Academic journal article The Virginia Magazine of History and Biography

The Final Struggle between George Washington and the Grim King: Washington's Attitude toward Death and an Afterlife

Academic journal article The Virginia Magazine of History and Biography

The Final Struggle between George Washington and the Grim King: Washington's Attitude toward Death and an Afterlife

Article excerpt

THE final year of the eighteenth century witnessed the deaths of Virginia's two most popular and beloved heroes-Patrick Henry and George Washington. Patrick Henry, suffering from severe intestinal blockage, met his death in June with the courage of a convinced Christian. More than a decade earlier he had consoled his sister on the death of her husband: "This is one of the trying scenes, in which the Christian is eminently superior to all others and finds a refuge that no misfortunes can take away." Confronting his own imminent demise, Henry used his confidence in boldly facing death as a means of testifying to his skeptical physician about the truth of the Christian religion. He believed he would go to a place where "sorrow never enters." According to his second wife's account of his final scene, "He met death with firmness and in full confidence that through the merits of a bleeding saviour that his sins would be pardoned."1

Six months later George Washington died an even more painful death and faced his ordeal with a courage every bit equal to that demonstrated by Patrick Henry. Yet, unlike Henry, Washington did not draw his courage from a Christian concept of redemption and the hope of eternal bliss through the sacrifice of Christ. A thorough examination of Washington's religious views, which have been hotly debated,2 is beyond the scope of this essay, but a careful examination of the way he faced death and what he wrote to others at times of their great personal grief sheds light on Washington's attitude toward death and an afterlife and gives insight into his character.

George Washington's brief fatal illness in December of 1799 came suddenly and with little warning, but it was not unexpected. Although it would be incorrect to aver, as one historian has, that Washington was "haunted by premonitions of death,"3 there is no question that it was often on his mind, especially in the last years of his life and when he was not involved in important activities. He was acutely aware that he was from a short-lived family, that he was approaching the biblical life span of three score and ten, that he was worn out from a lifetime of service, that his remaining days could "not be many," and that his "glass was almost run."4 A constant image in his later correspondence is that of gently drifting down the stream of life.5 When his sole surviving brother, Charles, died earlier in 1799, Washington wrote, "I was the first, and am now the last, of my fathers Children by the second marriage who remain. when I shall be called upon to follow them, is known only to the giver of life. When the summons comes I shall endeavour to obey it with a good grace."6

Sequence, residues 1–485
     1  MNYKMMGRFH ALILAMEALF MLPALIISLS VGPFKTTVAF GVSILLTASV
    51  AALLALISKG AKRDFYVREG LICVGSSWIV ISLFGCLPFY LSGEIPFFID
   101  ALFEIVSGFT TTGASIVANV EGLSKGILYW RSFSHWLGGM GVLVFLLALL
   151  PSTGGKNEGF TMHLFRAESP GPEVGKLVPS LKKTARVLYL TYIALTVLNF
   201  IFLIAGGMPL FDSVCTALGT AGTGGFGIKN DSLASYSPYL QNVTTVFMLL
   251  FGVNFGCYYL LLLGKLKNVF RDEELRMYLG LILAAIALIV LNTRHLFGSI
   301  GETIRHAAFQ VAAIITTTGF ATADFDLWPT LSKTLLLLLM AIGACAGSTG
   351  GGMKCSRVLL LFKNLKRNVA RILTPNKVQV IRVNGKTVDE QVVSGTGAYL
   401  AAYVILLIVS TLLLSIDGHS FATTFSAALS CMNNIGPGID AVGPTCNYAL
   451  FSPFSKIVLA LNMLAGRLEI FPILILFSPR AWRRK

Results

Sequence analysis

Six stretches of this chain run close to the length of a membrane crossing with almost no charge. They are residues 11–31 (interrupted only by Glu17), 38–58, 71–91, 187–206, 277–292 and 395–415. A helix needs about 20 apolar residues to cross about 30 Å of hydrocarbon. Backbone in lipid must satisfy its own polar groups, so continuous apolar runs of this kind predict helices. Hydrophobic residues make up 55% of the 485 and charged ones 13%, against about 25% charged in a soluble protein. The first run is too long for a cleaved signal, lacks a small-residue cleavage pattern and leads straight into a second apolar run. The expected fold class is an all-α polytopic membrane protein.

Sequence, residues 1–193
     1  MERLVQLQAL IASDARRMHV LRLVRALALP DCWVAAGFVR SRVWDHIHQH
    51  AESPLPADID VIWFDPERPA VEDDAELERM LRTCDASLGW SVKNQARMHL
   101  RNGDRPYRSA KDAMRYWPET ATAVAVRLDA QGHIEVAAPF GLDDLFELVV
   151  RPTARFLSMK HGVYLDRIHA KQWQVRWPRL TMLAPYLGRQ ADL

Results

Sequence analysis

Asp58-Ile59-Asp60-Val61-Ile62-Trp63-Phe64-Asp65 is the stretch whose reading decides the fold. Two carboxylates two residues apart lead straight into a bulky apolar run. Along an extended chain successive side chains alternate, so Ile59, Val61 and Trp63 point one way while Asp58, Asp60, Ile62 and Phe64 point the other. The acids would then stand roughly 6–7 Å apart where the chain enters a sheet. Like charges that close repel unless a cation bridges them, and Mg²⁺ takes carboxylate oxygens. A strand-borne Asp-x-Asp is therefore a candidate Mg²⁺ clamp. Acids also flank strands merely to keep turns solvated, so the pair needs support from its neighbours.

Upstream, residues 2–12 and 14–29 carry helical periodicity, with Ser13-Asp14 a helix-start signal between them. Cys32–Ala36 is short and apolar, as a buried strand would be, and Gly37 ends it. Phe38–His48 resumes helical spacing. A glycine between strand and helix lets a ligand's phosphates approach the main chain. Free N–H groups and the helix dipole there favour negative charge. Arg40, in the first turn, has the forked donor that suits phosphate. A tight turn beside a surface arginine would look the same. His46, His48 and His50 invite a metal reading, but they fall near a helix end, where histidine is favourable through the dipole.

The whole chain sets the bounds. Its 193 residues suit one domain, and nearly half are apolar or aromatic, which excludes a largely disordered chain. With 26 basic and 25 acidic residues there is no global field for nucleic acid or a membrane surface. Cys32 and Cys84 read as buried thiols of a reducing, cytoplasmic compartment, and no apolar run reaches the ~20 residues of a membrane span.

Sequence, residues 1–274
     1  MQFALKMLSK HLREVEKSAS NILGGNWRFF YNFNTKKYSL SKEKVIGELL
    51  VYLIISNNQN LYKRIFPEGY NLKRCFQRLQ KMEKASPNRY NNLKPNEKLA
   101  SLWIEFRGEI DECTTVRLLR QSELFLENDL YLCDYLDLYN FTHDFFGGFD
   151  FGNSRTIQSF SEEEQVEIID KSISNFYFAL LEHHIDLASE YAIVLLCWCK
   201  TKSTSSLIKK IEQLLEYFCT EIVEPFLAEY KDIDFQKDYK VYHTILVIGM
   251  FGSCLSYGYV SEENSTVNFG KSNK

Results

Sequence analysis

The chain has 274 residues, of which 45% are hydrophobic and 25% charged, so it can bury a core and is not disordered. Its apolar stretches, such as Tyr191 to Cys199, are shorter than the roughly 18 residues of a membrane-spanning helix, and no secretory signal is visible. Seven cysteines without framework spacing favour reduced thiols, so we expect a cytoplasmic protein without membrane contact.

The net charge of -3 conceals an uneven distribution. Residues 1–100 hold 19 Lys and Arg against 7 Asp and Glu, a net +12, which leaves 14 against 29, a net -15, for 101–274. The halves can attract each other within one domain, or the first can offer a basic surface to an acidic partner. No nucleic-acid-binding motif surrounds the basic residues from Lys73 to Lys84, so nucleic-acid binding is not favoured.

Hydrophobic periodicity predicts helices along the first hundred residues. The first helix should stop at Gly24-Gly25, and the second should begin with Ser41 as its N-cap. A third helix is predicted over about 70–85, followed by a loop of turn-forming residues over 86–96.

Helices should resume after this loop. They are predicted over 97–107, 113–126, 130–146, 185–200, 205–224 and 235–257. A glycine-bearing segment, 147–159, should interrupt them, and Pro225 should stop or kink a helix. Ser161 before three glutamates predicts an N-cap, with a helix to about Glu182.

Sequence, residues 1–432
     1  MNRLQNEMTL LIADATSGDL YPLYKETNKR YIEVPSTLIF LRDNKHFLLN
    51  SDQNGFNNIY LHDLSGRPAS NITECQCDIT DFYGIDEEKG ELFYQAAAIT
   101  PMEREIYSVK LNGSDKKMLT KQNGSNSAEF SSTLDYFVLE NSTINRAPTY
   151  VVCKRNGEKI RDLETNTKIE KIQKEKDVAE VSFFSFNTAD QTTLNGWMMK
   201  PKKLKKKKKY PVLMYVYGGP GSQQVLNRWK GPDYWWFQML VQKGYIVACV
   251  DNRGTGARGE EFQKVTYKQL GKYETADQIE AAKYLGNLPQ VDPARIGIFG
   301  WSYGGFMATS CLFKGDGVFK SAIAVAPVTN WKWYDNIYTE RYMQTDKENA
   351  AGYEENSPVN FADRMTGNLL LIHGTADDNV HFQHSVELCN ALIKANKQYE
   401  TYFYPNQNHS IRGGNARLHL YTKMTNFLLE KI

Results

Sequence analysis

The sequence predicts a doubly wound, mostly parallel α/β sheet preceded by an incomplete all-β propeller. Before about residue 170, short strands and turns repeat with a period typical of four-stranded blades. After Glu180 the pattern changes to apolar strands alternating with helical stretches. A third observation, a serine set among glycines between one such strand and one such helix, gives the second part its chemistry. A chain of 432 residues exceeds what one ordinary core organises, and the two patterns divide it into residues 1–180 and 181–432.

It was extremely important to Washington to meet death with "good grace." For much of Washington's adult life, he was in one sense or another playing a role-the classical republican general, the patriot king, the father of his country. The desire for the approbation of the people-properly earned through disinterested service for the common good-lay very close to the core of Washington's being. He hoped that in facing death he would do nothing to sully the reputation he had spent a lifetime building.7

Certainly, Washington's courage in the face of the prospect of death, stoical in nature from whatever source it was drawn, was one of the trademarks of his life. At the age of seventeen, young Washington owned an outline in English of the principal Dialogues of Seneca the Younger. One of the chapter headings was, "The Contempt of Death makes all the Miseries of Life Easy to Us." Seneca also wrote, "He is the brave man . . . that can look death in the face without trouble or surprise."8 In classical stoicism, the true stoic may fall victim to circumstances beyond his control, suffer and perhaps die, but his superior control over his passions calls forth admiration and leads to a reaffirmation of the dignity of man.

Washington displayed a stoic's contempt for death, an attitude that awed his contemporaries. …

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